Microsoft has just revealed the latest car pack for Forza Motorsport 7. Dubbed the “Doritos Car Pack”, it brings seven new vehicles to the game, covering a whopping 90 years of automotive history.
You can check out the creative trailer down below. It doesn’t show all the cars that are part of the new pack, so we’ve listed ’em, in order of age:
- 1926 Bugatti Type 35
- 1939 BMW 328
- 1955 Chevrolet 150 Utility Sedan
- 1962 Porsche 804
- 1985 Nissan Safari
- 2018 Jeep Grand Cherokee Trailhawk
- 2018 Porsche Cayenne
In addition to the seven new cars, an update will be going live today for the game as well. We already detailed the return of Leagues, and a few other fixes are incoming. One of the noted changes from Turn 10 is the increase in custom race length. Players now have the option of creating a race up to 1000 laps in length, or a full 24 hours for timed events. Cue those endurance races…
With three off-roaders added to the game, we can’t help but wonder what Turn 10’s long-term plan is here. A rally/dirt expansion? It’d certainly give these big-boned bruisers — and the rallycross cars — something a bit more suitable to do. Though we’ll admit, we’re a little curious to see which sports car scalps we can claim with the Jeep and Porsche.
we’ll be going into a little more detail about the cars down there too. The Doritos Car Pack will be available on the Xbox Store for the usual $6.99, and is part of the Car Pass.
1926 Bugatti Type 35
The oldest car to ever grace the Forza franchise is also one of the most successful race cars in history. Ettore’s Type 35 won the Targa Florio for five consecutive years, and ended its career with over 1000 wins to its name. It features a tiny 2.0-liter straight-eight under that long nose, and tires as narrow as your chances of owning a Chiron.
Why it — and the Porsche 804 — isn’t in the video above is a mystery to us.
1939 BMW 328
Is this the prettiest car in the pack? We’d certainly entertain the argument. The 328 was also a racing contender in its time, with wins at Le Mans, the RAC Rally, and Mille Miglia. Under hood is BMW’s calling card: a smooth straight-six. In the lightweight 328, it produces 80hp. Expect it to be a giant killer.
1955 Chevrolet 150 Utility Sedan
The 150 is a tale of duality. On one hand, it was meant to be an all-work, no-play sort of model. The hint is in the name: the “utility” was for travelling salesmen, so the car was shorn of any luxuries to keep it cheap and free up interior space. But this factory weight reduction made it a prized model for hot rodders, especially with the 180hp Chevy small block underhood. We’ve already seen a version of it in the Hoonigan car pack — now we can build our own.
1962 Porsche 804
Porsche in F1? For one year back in the ’60s, that was indeed a thing, with this, the 804. With no less than Dan Gurney sandwiched between the wheel and a flat-eight engine, the 804 locked in a win at Rouen during the 1962 French Grand Prix. With that, Porsche had its first — and, at least for now, only — constructors win in the top tier of motorsports. Now, players can relive that from the safety of a sim.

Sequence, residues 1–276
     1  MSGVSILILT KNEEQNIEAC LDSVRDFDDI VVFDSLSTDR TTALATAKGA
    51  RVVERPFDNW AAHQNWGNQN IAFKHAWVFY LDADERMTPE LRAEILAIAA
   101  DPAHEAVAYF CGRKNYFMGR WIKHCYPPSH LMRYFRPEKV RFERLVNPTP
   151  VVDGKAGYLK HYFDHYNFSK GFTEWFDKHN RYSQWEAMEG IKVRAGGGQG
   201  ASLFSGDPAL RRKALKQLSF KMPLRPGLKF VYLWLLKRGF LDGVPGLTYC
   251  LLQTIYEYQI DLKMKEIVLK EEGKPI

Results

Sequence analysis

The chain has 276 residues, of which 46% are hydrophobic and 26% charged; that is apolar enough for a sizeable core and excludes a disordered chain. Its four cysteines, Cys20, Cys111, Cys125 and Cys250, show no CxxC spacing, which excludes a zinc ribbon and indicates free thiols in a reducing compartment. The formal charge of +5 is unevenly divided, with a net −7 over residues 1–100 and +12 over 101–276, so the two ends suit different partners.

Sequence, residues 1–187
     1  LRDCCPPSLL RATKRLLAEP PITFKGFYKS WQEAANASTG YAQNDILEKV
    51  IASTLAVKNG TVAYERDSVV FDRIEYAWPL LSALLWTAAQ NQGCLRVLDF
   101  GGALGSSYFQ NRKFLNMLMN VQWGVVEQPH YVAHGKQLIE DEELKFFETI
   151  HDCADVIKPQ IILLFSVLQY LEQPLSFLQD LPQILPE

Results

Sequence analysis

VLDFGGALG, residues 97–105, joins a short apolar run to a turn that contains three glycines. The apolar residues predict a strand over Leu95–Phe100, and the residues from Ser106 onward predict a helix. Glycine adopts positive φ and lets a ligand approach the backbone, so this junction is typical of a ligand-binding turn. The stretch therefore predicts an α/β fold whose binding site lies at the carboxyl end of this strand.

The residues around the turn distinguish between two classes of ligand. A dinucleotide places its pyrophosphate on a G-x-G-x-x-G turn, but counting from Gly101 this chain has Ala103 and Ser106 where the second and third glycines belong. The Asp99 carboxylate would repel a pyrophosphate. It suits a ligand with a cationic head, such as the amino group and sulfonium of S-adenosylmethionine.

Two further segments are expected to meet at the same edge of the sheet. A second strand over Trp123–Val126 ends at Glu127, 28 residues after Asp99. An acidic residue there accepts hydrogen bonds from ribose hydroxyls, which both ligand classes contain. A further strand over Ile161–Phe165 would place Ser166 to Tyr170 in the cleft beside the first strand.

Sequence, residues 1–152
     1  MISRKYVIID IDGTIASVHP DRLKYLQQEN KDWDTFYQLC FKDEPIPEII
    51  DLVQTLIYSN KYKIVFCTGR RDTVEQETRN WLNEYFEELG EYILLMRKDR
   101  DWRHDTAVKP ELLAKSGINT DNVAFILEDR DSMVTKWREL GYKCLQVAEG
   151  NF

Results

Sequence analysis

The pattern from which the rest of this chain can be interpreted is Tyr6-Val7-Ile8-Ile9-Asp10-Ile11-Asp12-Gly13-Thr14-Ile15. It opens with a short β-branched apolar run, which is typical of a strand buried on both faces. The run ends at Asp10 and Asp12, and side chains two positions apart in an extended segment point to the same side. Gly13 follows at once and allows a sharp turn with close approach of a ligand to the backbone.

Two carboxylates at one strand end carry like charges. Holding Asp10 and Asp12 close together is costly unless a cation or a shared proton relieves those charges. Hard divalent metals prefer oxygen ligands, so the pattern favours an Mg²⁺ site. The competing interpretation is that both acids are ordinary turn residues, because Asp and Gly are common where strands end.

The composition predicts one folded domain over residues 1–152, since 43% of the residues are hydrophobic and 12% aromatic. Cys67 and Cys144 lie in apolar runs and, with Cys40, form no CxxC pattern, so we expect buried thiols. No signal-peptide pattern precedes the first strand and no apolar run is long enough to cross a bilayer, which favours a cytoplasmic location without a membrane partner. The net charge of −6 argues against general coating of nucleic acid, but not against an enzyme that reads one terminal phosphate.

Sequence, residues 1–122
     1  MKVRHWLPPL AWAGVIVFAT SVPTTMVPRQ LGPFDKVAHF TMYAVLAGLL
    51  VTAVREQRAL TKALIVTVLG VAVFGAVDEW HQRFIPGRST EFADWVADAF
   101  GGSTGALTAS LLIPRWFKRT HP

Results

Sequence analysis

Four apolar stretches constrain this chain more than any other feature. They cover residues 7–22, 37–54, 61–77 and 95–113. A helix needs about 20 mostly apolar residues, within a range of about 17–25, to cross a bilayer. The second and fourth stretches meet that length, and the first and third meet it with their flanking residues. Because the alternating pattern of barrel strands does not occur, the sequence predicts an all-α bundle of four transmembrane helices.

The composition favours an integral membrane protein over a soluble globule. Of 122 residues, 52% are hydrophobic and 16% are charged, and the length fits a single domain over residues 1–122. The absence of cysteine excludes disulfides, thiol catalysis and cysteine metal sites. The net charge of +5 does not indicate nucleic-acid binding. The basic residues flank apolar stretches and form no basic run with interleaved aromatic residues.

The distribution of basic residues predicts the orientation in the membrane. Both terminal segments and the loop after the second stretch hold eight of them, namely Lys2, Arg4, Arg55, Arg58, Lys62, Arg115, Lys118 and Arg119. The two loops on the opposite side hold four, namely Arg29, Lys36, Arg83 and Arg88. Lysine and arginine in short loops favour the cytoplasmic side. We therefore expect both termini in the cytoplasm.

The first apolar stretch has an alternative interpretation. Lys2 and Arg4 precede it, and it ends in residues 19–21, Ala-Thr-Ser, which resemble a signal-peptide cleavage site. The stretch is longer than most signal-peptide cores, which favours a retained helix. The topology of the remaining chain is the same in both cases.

1985 Nissan Safari
The Safari has what’s probably one of the most suitable names in the automotive world. Nissan’s go-anywhere SUV has been built in some form for almost 70 years. It’s more than a bit of an odd choice for a Motorsport debut, but we’re sure it’ll find a lot of fans if/when Horizon 4 comes along (if Playground Games’ new IP doesn’t interfere, anyway). Nonetheless, it could be fun to turn the Safari into one of FM7’s most unlikely autocross rides…
2018 Jeep Grand Cherokee Trackhawk
Put yourself in Fiat Chrysler’s shoes. You have a 707hp V8 that’s been making headlines for a few years. What do you do after it’s gone in a big coupe and a sedan? SUVs and crossovers are everywhere, so you stick it in the de facto leader of your off-road division. The Trackhawk is a Hellcat-powered uber-SUV with a heavy emphasis on that first letter. It should make for some entertaining comparisons to more traditional sports cars — and we can’t wait until the inevitable Pacifica Hellcat. C’mon, SRT.
2018 Porsche Cayenne Turbo
It’s strange to think the Cayenne is already on its third generation. Okay, when Porsche first unveiled it, you could barely tell it was all-new. But the big crossover is now an established part of the mega-powered SUV market, and the new Turbo may be the best of the breed. It’s still a big beast of a car, but it weighs over 300lb less than the last one. It also has 550hp from a turbo V8. This is a vehicle you can carry four of your friends in with you, and click off sub-four second 0-60mph runs (though probably not at the same time). Ladies and gentlemen, progress.